1 Peter Inductive Bible Study Lesson 7
1 Peter 2:11-20
1 Peter 2:11
- What is the significance of Peter’s calling his readers aliens and strangers?
- In v. 11c what is wrong with indulging fleshly lusts?
1 Peter 2:12-15
- In the context of verses 11 and 12 who are the Gentiles?
- What is the day of visitation in v. 12?
- What is the function of good works in v. 12?
- What is the relationship of verses 12 and 15?
- Who are the foolish men of v. 15?
- In verses 11, 12, and 15 what constitutes “doing right”?
- In verses 13 and 14 what constitutes submission to the Lord?
- What is it that is “the will of God” in verse 15?
- What is referred to as “the ignorance of foolish men” in v. 15?
- In the light of v. 12 why is such activity foolish?
1 Peter 2:16-18
- What constitutes acting as a free man in v. 16a?
- What is the message of v. 18?
- What is “submitting yourselves” in v. 18a?
- Who is to fear in v. 18b, and who is to be feared?
1 Peter 2:19-20
- What is “this” in v. 19a?
- What is the message of verses 19b and 20?
1 Peter 2:11
- Aliens, (paroikous), are people who live in a place that is not their home; they are temporary residents (Harper 310). Figuratively, they are Christians whose real home is in heaven (A & G 634).
Strangers (parepidamous), are those who stay for a short time in a strange place; they visit someone. The word is used of Christians who are not at home in this world (A & G 631). See for example Gen 23:4; PS 39:12 (38:13 LXX).
- They war against the soul.
1 Peter 2:12-15
- Non-church members. (The word usually refers to everyone who is not a Jew by birth.)
- A day of enlightenment; a time of learning; a time of fulfilled promises. In the Septuagint the concept of visiting occurs in connection with the exodus when Joseph on his death-bed prophesies that God will visit the children of Israel in Egypt.
It also occurs in connection with God sending trouble on the rebellious.
In one text, Job 31:14, the reference appears to be to the post-death judgment, where men meet with God. This is the only clear reference to the coming of Christ to appear under the circumlocution of visiting in the scriptures in my opinion.
In the New Testament the form of the word we are studying occurs only 3 times; Luke 19:44, a reference to the time of the prophets and of Jesus on the earth; 1 Tim 3:1, where the reference is to a church office, and 1 Pet 2:12, our text, where the message is now quite clearly seen to be to the times when the gentiles (non-church members) see that Christians are doing God’s will—when they are enlightened. That which they had earlier denounced as evil, v.12b, they now observe, and glorify God (v. 12c).
- The good works of God’s people change the viewpoint of non-church members, as they observe them over a period of time, and result in the non-members glorifying God, when they are enlightened— “in the day of visitation.”
- Verse 15 continues the thought of verse 12.
- The foolish men of v. 15 are those who look at the good deeds of God’s people in v. 12 and call those deeds evil; “they slander you as evil doers,” v. 12.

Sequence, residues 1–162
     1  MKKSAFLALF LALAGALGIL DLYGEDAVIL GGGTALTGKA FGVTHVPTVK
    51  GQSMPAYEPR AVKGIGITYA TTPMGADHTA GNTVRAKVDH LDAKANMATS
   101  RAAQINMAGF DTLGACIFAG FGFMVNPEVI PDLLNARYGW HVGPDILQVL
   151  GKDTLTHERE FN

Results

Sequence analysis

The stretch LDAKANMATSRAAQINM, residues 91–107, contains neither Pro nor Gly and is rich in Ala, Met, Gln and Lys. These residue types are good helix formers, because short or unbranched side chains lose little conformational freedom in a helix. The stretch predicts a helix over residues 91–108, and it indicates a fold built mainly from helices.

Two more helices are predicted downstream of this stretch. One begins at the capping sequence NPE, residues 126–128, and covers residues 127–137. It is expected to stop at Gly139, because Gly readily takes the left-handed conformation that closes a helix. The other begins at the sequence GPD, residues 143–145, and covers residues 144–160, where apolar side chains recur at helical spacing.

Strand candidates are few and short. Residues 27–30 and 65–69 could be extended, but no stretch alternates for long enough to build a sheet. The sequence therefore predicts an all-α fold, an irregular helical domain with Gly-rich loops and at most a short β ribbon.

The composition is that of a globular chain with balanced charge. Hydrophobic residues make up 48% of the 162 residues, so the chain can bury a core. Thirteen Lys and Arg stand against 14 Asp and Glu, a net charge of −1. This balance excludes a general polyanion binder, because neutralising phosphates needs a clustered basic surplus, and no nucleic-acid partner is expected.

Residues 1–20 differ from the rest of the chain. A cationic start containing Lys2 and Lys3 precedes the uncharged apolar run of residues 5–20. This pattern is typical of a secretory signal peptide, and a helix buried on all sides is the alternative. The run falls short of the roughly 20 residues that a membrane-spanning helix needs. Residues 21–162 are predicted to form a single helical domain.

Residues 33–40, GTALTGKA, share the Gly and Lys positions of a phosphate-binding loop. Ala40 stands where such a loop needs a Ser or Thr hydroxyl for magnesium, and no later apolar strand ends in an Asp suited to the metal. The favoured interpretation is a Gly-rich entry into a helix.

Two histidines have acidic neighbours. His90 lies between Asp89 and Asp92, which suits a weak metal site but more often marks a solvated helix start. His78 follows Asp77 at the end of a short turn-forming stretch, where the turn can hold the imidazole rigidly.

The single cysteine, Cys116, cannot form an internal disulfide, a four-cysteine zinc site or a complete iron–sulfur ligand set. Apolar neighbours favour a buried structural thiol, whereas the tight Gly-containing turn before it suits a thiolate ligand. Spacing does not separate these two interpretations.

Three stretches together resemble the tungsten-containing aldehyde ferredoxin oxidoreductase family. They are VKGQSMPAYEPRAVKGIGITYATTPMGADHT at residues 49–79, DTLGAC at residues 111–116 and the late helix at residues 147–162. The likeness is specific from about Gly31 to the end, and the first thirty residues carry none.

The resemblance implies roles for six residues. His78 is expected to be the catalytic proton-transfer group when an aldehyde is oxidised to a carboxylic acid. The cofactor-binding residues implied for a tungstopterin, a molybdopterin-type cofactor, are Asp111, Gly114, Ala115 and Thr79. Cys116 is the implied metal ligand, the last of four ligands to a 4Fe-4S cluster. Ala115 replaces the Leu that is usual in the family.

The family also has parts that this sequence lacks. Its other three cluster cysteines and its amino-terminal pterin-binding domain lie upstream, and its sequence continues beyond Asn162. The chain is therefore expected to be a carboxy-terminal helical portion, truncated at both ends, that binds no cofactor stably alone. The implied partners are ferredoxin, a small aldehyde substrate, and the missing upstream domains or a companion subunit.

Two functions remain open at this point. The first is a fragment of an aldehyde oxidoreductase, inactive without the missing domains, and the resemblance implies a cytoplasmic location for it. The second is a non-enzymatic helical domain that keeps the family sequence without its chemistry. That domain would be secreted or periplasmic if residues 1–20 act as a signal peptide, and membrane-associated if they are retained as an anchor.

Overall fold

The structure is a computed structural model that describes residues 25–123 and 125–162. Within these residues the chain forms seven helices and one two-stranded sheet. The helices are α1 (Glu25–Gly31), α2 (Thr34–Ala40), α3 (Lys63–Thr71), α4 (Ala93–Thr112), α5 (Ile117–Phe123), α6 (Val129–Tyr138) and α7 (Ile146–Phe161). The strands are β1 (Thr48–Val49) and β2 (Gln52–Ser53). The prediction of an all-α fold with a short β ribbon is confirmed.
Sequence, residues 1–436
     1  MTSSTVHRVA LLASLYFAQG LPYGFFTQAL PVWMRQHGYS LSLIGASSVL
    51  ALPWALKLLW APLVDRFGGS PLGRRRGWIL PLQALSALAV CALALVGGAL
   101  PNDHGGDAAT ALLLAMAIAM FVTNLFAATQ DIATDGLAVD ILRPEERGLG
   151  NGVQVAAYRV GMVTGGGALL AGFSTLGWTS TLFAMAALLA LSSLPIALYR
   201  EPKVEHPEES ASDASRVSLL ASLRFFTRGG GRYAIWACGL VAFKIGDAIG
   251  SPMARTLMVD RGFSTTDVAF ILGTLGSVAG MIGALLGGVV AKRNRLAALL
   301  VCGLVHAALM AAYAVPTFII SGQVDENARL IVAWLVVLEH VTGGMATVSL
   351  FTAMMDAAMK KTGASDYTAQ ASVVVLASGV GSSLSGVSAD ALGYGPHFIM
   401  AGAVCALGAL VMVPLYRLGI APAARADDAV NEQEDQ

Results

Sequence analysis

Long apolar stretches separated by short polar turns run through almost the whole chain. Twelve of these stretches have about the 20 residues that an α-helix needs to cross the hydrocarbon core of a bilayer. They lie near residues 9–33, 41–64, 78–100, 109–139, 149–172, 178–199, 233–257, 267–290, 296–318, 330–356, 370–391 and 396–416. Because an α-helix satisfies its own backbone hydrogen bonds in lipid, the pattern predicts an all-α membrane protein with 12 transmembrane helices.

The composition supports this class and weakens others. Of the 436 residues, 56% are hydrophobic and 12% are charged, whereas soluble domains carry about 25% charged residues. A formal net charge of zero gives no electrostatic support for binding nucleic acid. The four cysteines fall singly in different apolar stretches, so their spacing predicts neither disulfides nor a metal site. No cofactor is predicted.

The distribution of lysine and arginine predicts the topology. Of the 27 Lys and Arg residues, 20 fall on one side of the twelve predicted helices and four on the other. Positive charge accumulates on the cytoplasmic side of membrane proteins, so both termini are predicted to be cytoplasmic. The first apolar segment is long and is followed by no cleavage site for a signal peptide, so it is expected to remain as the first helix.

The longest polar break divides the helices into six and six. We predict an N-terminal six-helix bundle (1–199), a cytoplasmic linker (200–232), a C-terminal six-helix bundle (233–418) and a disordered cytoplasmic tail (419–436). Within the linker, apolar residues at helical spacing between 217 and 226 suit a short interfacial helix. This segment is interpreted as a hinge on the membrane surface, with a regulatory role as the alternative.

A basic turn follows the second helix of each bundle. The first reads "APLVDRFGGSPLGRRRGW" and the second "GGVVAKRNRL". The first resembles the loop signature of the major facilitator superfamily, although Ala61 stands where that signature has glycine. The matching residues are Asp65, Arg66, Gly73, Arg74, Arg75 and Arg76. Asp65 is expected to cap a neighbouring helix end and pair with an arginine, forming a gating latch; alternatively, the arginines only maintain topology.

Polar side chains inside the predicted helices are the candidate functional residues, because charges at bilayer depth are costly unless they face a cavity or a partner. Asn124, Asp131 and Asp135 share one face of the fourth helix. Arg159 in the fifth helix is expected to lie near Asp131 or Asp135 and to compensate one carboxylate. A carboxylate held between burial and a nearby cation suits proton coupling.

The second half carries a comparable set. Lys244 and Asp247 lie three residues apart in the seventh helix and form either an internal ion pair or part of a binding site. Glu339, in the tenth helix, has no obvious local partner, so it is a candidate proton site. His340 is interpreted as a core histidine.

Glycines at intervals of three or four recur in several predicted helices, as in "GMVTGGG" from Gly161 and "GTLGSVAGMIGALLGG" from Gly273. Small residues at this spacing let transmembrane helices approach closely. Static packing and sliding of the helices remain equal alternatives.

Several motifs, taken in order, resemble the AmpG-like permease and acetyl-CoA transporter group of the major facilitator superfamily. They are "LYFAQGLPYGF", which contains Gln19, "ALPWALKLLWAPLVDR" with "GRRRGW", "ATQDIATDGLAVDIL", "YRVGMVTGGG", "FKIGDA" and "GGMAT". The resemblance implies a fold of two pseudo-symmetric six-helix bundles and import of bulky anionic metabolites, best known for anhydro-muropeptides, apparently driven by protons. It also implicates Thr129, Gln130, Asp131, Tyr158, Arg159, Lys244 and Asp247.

- Negatively, abstaining from the fleshly lusts which war against the soul; positively, doing those deeds which, though at first are pronounced evil by non members, result in God being glorified— after observation.
- Obeying human institutions, even when you don’t agree with them, for the Lord’s sake— that He might be seen as good, when it is known that He is your
pattern to follow.
- The will of God in v. 15 is the “such” of v. 15a, which is the lifestyle of verses 11-14.
- Charging God’s followers with acting out evil; for example, the pure (non-adulterers) are called selfish, while adultery is called sharing. Those who would reprove sin are called judgmental, while those who condone open sin are called loving; a good friend.
- In the day of God’s visitation, men will redefine conduct and glorify God for the good works of God’s faithful followers; leaving the doers of evil without admirers or words of praise.
1 Peter 2:16-18
- Following the counsel of w. 11-15.
- Verse 12.
- See materials under 1 Peter 3:1, 2″c”.
- See materials under 1 Peter 3:1, 2″g”.
1 Peter 2:19, 20
- “This” in verse 19a is to follow God’s counsel with the result that your lifestyle causes observers of you to see God as good— glorifying Him in the day of visitation. (Note again v. 12.) “To give glory to God is to reveal His character in our own, and thus make Him known. And in whatever way we make known the Father or the Son, we glorify God….” 7SDABC979.
- I believe the message of these verses is that acting like a Christian when you are wrongly treated brings you grace (“a favor [charis] with [para with dative] God” is the literal translation). The favor, in this context, appears to me to be the granting of grace (charis is the word translated “grace”), but the phrase is not para with the genitive. That construction would be used to indicate that something proceeds from something or someone (A & G 614), and would be translated, “this is grace from God.”
But while the phrase, “this is grace from God” is not a proper translation of the Greek phrase appearing in this verse, I believe it is the message of the phrase.